According to Bruno Guigue, political analyst and researcher in political philosophy, the West’s muddled games with jihadist forces in Syria not only helped prolong the war, but could also backfire.
Prolonged by a criminal tenacity where Erdogan is only the latest tool, the ten-year war raging in Syria has had the effect of a forensic spray that reveals fingerprints. Protagonists outed in this bloodbath, the American, British, French, Turkish, Saudi and Qatari governments, will go down in history for what they are: the executioners of a people who have done nothing to them. The Syrian tragedy dispelled their pretenses, exposing their most devious strategies to light.
But the worst of all has been the whitewash of terrorism in others. How to resist nausea in front of these two-faced politicians who, with each attack on French soil, spread indignant condemnations of the terrorist violence that they have fed and praised elsewhere? It will be remembered that not so long ago the Western mediasphere used its false dialectic to make the Syrian branch of Al Qaeda a respectable fighting organization. We were told that the Al-Nousra Front, as it called itself, would eventually “normalize.” And it would be necessary, suggests François Burgat on a public channel, to negotiate for good with this organization destined to be part of “Syria’s future”.
Negotiate? With Al-Nousra? With its claimed affiliation with Al-Qaeda, with its hateful and sectarian ideology, its repeated practice of indiscriminate attacks on civilians, the obscurantist terror regime it spread like the plague wherever its head cutters had the opportunity to operate? All peccadilloes. A kind of genetic mutation was to earn the jihadist organization competing with Daesh, for its services rendered against Damascus, a veritable patent of respectability. This is how Western diplomacy worked wonders. From their magician’s hat, they pulled moderate terrorists, democratic extremists, humanist head-cutters, philanthropic liver-eaters.
This operation to launder the Syrian branch of Al-Qaeda, in fact, took place at a time when this organization was consolidating its political and military hegemony in northern Syria. Predestining it to play a major role in the aftermath of the expected collapse of the Syrian state, this success earned it the favor of Western and regional powers determined to bring down the last secular and progressive state in the Middle East. The human cost and the political price of this early consent to the establishment in Syria of sectarian and mafia power did not matter. The fall of Bashar al-Assad was said to be a game worth the candle.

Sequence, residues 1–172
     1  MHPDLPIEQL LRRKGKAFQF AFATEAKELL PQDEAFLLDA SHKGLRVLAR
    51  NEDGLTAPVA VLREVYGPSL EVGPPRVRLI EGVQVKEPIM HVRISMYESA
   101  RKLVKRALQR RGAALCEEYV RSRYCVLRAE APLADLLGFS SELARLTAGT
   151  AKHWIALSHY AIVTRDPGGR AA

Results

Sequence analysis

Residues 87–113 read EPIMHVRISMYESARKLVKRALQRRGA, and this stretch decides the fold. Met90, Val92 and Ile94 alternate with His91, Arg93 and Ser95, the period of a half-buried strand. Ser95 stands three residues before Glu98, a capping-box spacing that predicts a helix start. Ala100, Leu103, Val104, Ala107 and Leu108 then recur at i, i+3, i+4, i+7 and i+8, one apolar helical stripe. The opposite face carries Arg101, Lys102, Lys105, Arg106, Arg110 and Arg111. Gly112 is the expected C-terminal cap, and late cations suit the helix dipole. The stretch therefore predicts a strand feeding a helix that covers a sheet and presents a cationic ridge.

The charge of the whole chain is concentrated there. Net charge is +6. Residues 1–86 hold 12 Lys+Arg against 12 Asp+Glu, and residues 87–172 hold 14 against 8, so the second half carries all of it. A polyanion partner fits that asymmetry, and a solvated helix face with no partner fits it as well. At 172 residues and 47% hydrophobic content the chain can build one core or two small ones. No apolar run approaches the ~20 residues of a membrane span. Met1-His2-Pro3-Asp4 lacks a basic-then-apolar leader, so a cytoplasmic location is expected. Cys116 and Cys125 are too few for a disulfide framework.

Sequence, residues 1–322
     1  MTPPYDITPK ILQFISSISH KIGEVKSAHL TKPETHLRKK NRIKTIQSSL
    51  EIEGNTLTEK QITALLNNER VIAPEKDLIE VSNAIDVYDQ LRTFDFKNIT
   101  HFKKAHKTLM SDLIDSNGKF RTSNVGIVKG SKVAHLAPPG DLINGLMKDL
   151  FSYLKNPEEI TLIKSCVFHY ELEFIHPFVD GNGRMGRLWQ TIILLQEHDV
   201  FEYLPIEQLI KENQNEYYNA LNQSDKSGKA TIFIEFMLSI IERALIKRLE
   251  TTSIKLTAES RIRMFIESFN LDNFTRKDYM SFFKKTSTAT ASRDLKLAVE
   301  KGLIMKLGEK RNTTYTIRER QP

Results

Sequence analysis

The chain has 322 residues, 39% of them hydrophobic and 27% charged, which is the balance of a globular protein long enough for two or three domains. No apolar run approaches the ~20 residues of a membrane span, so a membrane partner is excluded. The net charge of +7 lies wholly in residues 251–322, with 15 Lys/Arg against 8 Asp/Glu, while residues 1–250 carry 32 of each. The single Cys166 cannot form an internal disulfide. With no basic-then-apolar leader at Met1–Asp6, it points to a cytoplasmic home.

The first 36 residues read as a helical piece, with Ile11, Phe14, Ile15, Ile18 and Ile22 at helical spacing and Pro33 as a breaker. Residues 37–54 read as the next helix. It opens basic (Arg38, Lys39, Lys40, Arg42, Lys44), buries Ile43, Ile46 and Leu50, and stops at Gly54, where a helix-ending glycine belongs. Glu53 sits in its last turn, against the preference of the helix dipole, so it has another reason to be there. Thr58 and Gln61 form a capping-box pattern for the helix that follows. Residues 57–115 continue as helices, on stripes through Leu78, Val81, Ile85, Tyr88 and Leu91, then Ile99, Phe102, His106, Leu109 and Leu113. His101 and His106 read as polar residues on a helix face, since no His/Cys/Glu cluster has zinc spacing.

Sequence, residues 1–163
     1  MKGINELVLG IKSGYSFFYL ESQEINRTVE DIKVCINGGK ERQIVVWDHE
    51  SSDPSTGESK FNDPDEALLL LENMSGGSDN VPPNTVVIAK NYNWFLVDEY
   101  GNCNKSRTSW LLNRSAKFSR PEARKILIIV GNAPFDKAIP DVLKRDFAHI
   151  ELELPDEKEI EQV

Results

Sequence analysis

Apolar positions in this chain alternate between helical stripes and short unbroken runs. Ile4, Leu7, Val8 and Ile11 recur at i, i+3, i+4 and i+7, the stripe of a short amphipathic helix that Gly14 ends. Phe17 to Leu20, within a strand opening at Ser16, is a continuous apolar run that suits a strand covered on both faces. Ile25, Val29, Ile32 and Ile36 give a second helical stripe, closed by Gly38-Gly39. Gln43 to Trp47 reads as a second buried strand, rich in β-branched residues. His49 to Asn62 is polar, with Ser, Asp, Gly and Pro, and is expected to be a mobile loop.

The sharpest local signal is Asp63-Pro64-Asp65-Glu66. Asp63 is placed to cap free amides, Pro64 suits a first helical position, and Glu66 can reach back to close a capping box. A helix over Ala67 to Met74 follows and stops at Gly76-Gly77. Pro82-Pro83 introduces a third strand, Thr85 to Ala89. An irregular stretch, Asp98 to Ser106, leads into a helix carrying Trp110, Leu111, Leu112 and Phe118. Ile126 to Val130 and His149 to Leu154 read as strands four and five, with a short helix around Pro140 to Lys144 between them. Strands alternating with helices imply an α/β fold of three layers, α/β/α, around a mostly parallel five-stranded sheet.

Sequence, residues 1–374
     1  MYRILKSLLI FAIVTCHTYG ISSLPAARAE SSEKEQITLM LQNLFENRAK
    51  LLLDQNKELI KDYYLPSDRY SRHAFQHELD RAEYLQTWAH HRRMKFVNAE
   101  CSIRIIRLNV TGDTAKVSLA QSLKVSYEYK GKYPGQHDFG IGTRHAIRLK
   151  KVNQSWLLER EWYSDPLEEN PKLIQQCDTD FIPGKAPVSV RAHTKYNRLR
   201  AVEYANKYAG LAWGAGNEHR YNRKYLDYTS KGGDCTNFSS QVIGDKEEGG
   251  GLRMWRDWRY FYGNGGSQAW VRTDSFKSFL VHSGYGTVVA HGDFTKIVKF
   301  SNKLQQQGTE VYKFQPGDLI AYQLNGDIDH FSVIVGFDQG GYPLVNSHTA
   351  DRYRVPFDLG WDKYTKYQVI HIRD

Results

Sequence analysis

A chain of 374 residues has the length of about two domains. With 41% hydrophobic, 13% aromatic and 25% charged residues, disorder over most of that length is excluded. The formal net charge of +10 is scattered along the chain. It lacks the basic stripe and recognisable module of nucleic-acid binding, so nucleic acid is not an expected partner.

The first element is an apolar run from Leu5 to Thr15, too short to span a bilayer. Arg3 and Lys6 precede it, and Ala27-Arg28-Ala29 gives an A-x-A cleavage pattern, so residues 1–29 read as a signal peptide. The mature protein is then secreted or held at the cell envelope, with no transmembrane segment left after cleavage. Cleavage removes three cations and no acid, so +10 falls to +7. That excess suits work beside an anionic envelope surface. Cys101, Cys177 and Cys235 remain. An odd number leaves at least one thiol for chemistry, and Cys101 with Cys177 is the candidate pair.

Terrorism rebranded for the needs of the cause, rendered – and still renders – unexpected services to the vast coalition against sovereign Syria. The western states and oil monarchies conniving with the adulterated offspring of Al-Qaeda signaled the simultaneous re-enlisting of the two avatars of Takfirist terrorism in the Western strategic agenda. The destruction of the Syrian state, the number one objective of the Washington-Riyad-Paris-London-Ankara-Doha axis, backed up behind the scenes by Tel Aviv, was an end which justified all means, and the prospect of an extremist emirate was clearly part of the plan. To make it succeed, the foreign powers united against the last Arab nationalist regime cynically divided the roles. In its merciless fight against Syria, the al-Qaeda killers could thus count on their precious friends: Turkey delivered them arms, Israel treated their wounded, Qatar paid them a check at the end of the month, and the daily Le Monde passed them off as altar boys. Who remembers that in 2013, when the Al-Nosra Front seized the Christian village of Maaloula, this daily dared to deny that the extremists had killed a single civilian, while we could see on the BBC, at the same time , the religious funerals of the victims of this aggression?